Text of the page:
Transportation remains key piece of Olympic puzzle 

The last year has marked some major milestones for the organizers of the 2010 Winter Olympic and Paralympic Games.

Tickets went on sale, the Torch Relay route was revealed, the venues are finished, with some even hosting test events.

But several key pieces of information are still missing including the transportation plan and the cost of security.

The transportation plan was originally to be released in January 2008. But it was delayed to early 2009 and will now be released in late February early March of ’09 Maureen Douglas, a director of communications for the 2010 Vancouver Organizing Committee (VANOC), said recently.

“Transportation does continue to be something of keen interest and definitely one of the more challenging areas of planning around the Games and we will be back with much more information in February and March,” she said during a keynote address to a Whistler Chamber of Commerce luncheon this month.

“…We will be back one more time as (the Ministry of Transportation) finish(es) up some of the modeling (it) wants to do to make (its) absolutely final decisions around Sea to Sky.”

Douglas confirmed that access to the Husky gas station would be maintained throughout the Games.

But she did say there would likely be some disruptions and road closures.

“There is potential for some road closures and some re-direction around Creekside and we will be sharing all that information,” she said.

“We still want to see major flow move through the village but during load-in there may be some temporary re-direction.

“We are looking at the possibility of some minor restrictions on load-in, in the mornings, coming in to the Games when there are a number of (spectators for) events coming up from Vancouver so it will affect more (transportation north), not so much south.”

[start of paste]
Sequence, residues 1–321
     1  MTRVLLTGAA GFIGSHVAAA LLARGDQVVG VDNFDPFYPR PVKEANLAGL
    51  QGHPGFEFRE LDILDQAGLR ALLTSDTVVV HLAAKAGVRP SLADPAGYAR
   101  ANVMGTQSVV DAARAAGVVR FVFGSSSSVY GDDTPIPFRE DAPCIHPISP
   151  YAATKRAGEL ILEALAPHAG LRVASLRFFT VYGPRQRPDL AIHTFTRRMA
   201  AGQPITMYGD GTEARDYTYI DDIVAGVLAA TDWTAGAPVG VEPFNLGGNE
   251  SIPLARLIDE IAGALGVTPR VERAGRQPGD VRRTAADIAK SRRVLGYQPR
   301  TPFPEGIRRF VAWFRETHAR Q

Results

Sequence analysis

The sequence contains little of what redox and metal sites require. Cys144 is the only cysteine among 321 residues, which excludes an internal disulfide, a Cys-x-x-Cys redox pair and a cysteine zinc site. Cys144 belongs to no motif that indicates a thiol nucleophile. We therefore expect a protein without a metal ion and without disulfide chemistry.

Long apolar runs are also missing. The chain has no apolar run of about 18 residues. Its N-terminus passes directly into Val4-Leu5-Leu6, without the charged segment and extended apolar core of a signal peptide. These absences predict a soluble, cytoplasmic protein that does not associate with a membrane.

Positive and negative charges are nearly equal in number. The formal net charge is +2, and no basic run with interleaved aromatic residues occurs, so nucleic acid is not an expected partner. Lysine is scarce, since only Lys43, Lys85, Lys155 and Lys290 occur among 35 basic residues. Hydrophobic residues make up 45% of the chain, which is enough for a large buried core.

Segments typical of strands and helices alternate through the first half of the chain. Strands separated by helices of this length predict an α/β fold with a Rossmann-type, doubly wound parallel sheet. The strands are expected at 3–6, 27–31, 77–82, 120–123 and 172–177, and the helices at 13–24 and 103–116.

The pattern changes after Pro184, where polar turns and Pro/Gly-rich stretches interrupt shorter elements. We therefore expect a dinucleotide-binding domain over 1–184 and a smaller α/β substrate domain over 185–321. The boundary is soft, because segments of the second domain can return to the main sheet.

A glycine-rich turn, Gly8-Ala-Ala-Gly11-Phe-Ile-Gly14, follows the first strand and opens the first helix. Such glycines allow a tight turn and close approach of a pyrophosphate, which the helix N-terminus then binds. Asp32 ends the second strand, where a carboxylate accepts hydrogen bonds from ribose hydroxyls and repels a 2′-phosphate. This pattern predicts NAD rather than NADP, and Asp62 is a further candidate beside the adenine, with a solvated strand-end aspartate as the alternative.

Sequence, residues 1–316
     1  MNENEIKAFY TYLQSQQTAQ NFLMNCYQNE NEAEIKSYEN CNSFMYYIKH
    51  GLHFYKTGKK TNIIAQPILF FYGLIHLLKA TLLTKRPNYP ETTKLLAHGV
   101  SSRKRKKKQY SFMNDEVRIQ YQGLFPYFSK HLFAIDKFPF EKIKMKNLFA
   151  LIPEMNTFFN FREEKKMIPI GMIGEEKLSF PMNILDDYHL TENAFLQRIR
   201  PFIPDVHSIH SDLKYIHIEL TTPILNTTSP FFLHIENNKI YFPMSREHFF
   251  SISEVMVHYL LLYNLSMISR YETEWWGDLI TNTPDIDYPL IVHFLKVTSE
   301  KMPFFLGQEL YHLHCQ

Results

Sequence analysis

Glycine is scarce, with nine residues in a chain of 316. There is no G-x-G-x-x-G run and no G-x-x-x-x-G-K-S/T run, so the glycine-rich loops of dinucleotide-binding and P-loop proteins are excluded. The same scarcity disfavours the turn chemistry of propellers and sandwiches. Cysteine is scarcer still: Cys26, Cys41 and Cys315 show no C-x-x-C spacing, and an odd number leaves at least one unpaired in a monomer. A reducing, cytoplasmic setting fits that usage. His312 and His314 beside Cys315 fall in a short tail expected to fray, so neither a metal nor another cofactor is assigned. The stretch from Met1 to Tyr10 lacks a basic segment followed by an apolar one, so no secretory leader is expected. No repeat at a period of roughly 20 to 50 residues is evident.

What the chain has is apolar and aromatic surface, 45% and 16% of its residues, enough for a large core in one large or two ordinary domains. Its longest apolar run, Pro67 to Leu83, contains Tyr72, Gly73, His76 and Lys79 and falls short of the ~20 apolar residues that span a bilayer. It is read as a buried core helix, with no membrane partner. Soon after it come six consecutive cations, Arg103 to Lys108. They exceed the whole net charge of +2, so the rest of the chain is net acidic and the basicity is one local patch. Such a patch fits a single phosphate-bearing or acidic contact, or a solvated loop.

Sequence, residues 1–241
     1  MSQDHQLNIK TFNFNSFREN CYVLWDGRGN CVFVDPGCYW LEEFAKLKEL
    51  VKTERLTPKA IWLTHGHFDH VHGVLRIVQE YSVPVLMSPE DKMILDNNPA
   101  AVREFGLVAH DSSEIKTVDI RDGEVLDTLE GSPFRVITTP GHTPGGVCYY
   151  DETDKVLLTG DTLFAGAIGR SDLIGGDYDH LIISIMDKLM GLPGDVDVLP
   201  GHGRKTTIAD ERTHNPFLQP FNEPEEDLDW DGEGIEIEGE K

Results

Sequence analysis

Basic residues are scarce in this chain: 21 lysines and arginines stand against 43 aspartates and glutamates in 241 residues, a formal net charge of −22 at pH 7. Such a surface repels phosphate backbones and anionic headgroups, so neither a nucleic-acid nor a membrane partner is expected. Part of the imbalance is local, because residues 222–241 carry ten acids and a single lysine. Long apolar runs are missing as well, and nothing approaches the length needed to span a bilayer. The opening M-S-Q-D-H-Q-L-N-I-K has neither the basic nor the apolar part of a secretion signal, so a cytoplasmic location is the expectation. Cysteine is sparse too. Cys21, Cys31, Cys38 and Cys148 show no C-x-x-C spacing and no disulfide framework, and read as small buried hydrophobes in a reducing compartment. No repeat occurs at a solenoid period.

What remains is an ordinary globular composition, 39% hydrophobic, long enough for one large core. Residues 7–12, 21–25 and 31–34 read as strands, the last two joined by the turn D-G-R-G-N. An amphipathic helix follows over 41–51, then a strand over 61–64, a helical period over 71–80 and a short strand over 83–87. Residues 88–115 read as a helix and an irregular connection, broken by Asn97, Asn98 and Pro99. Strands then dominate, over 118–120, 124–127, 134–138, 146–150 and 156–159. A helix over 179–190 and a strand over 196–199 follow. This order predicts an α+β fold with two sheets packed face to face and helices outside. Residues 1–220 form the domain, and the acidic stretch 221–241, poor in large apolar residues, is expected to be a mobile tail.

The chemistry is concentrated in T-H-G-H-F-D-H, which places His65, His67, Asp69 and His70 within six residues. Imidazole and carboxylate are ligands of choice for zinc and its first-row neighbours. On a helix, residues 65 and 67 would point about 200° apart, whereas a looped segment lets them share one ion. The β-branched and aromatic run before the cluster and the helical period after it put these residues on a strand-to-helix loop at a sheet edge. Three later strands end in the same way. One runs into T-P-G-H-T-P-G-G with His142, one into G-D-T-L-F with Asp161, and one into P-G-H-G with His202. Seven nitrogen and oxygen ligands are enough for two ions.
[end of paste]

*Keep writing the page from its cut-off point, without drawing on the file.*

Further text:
She reiterated that there will be significantly more public transportation throughout the Sea to Sky corridor and it is VANOC’s hope that people will take the bus and not drive their vehicles, especially as there will be virtually no public parking in Whistler.

VANOC is also working with the Ministry of Transportation and the RCMP-led Vancouver 2010 Integrated Security Unit (VISU) on how the Sea to Sky highway will be managed.

“…It is a very integrated system… so the accident response is immediate,” said Douglas.

“If there are any challenges on the Sea to Sky they are cleared immediately, (there will be) enhanced snow clearing, all the things you would expect to make sure that everybody can flow very easily.”

VANOC is also working with the municipality, Whistler Blackcomb, and Tourism Whistler to roll out a marketing program for 2009 to encourage people to come and see the many test events that will be held here this winter.

“…All of us are developing co-operative marketing here in the resort to really give 2009 a huge push.” said Douglas.

“We want to see audiences in those venues, we want to see people staying in beds in Whistler.”

The alpine and Nordic test events will be free and the sliding sports will cost $5 a ticket.

It is expected that 55,000 recreational skiers will use the Nordic facilities at Whistler Olympic Park this year. Last season there were 32,000 recreational visits.

The Whistler Sliding Centre will also be busy. Canadian sliders have already logged 3,400 practice runs.

Government Services Integration staff are also working in Whistler to hear from businesses and others on what the resort will look like at Games time.

They are working on a Master Plan map, which will show everything at Games time, from parking barricades to tents, said Douglas.

An updated VANOC Game Plan public meeting will be held in the spring.

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